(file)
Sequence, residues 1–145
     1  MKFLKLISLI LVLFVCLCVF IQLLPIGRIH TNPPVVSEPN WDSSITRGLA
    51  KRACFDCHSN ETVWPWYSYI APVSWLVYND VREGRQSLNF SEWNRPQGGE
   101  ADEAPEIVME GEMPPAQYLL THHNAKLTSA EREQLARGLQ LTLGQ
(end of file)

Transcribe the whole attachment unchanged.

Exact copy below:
Sequence, residues 1–145
     1  MKFLKLISLI LVLFVCLCVF IQLLPIGRIH TNPPVVSEPN WDSSITRGLA
    51  KRACFDCHSN ETVWPWYSYI APVSWLVYND VREGRQSLNF SEWNRPQGGE
   101  ADEAPEIVME GEMPPAQYLL THHNAKLTSA EREQLARGLQ LTLGQ